The Negative Binomial distribution NegBinomial(*p*,*s*) models the total number of trials (n trials = s *successes plus* n-

*s*failures

*)*it takes to achieve s successes, where each trial has the same probability of success

*p*.

*Normal approximation to the Negative Binomial*

When the number of successes *s* required is large, and *p* is neither very small nor very large, the following approximation works pretty well:

NegBinomial( | \Big(\frac{s}{p},\sqrt{s(1-p)/p^{2}}\Big) |

The approximation can be justified via Central Limit Theorem, because the NegBinomial(*p*,s) distribution can be thought of as the sum of *s* independent NegBinomial(*p*, 1) distributions, each with mean
\frac{1}{p} and standard deviation
\sqrt{\frac{1-p}{p^{2}}}.

The difficulty lies in knowing whether, for a specific problem, the values for *s* and *p* fall within the bounds for which the Normal distribution is a good approximation. The smaller the value of *p*, the longer the tail of a NegBinomial(*p*,1) distribution:

As *p* gets very small, the NegBinomail(*p*,1) becomes an Exponential distribution (see below), and so we can use a Gamma approximation to the NegBinomial instead of a Normal. On the other hand, as *p* is large, so the NegBinomial(*p*,1) distribution gets more skewed, so *s* would need to be much larger for a Normal approximation (which has to overcome this skewness) to be appropriate:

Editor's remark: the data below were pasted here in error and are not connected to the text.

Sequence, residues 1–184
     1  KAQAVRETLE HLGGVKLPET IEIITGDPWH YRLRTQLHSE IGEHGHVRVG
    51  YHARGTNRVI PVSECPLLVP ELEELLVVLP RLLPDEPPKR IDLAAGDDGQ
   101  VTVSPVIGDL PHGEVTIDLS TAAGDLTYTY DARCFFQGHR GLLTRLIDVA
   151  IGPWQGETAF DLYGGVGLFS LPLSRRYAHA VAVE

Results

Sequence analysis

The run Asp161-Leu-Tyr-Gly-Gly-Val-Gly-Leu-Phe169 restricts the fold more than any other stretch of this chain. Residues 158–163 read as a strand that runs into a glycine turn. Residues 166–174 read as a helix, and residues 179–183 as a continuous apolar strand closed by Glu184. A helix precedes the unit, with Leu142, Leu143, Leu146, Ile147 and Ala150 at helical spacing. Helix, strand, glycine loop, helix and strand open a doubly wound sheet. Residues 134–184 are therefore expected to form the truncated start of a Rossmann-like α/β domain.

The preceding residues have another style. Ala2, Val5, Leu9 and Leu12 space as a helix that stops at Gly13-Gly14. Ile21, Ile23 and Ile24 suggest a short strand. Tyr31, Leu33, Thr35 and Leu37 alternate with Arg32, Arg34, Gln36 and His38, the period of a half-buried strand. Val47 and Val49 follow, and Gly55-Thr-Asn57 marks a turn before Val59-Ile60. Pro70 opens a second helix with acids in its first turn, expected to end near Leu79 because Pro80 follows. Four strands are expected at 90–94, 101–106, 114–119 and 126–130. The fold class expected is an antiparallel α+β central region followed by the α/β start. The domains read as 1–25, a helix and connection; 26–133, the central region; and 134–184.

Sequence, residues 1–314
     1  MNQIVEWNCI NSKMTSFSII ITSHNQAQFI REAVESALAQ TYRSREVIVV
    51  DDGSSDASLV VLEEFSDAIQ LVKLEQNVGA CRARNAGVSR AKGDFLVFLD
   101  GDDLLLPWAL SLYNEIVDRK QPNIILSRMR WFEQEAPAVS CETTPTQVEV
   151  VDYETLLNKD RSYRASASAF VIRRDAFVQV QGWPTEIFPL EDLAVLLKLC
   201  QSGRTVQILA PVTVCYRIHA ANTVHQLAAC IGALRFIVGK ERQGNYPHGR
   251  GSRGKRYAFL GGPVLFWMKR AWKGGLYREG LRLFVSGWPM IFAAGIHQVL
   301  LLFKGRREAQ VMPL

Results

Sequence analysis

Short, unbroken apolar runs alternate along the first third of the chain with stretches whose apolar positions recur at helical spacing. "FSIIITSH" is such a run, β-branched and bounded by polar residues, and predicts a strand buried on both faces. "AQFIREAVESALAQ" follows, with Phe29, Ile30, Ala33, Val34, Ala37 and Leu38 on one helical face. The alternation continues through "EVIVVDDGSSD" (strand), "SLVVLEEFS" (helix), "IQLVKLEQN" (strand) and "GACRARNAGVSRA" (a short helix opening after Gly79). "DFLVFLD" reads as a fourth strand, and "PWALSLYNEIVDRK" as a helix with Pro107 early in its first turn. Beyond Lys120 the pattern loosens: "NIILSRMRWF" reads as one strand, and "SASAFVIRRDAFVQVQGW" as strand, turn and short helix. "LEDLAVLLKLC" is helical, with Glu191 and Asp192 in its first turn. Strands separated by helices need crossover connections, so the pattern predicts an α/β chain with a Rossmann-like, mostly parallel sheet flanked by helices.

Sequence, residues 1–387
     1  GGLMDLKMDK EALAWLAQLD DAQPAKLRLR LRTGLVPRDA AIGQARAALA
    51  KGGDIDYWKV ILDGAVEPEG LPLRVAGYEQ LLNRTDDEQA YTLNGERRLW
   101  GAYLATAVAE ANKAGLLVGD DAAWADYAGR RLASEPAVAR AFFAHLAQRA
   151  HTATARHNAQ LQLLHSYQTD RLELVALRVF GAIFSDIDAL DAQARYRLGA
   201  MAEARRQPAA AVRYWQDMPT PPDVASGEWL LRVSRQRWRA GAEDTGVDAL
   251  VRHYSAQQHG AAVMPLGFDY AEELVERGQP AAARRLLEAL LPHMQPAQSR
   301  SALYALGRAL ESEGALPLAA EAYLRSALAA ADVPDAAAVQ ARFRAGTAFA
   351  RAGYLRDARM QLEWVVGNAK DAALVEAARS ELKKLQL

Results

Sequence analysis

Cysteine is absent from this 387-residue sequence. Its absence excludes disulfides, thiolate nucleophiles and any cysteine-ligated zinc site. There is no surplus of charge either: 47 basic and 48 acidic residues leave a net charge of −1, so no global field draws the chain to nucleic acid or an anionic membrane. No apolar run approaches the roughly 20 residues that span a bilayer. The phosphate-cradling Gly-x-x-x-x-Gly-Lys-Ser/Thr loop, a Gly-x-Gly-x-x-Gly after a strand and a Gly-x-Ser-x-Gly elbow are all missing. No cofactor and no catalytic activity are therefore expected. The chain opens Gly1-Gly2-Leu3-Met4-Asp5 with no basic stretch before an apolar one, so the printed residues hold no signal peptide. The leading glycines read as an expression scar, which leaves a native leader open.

NegBinomial(0.5,s) distributions and their corresponding Normal distribution approximations

NegBinomial(0.9,*s*) distributions and their corresponding Normal distribution approximations, showing that when *p* is large, *s* needs to be higher for the Normal approximation to work well.

*Gamma approximation to the Negative Binomial*

The Poisson process can be derived from the Binomial process by making *n* extremely large while *p* becomes very small, but within the constraint that *np* remains finite. In a Poisson process, the Gamma(0,*b*,*a*) distribution models the 'time' until observing *a* events where *b* is the mean time between events. The NegBinomial distribution is the binomial equivalent, modeling the total number of trials to achieve *s* successes where [(1/*p*)-1] is the mean number of failures per success. The NegBinomial in Crystal Ball includes the s successes which in terms of a Poisson process are not included in the waiting time because each event is assumed to be instantaneous. To make the two approaches more comparable, we subtract the (non-random) number of successes from the NegBinomial(p,s) distribution to obtain the number of failures only (i.e. shift the distribution s to the left). The remaining distribution models the number of failures, with mean (1/p-1) failures for each success. Then, we can make the following approximation:

NegBinomial(p,*s*) - s _{»} Gamma(0,1/p-1,*s*) when *p* ® *0*

Or equivalently, using the shift parameter for the Gamma distribution:

NegBinomial(p,*s*) _{»} Gamma(s,1/p,*s*) when *p* ® *0*

For *s* = 1, we also have the special case:

Geometric(*p*) -1 _{»} Exponential(*p/(1-p)*) when *p* ® *0*

When the Exponential distribution is a good approximation to the "Geometric(p) - 1" (p<0.05 is usually good, see below), the Gamma is a good approximation to the NegBinomial.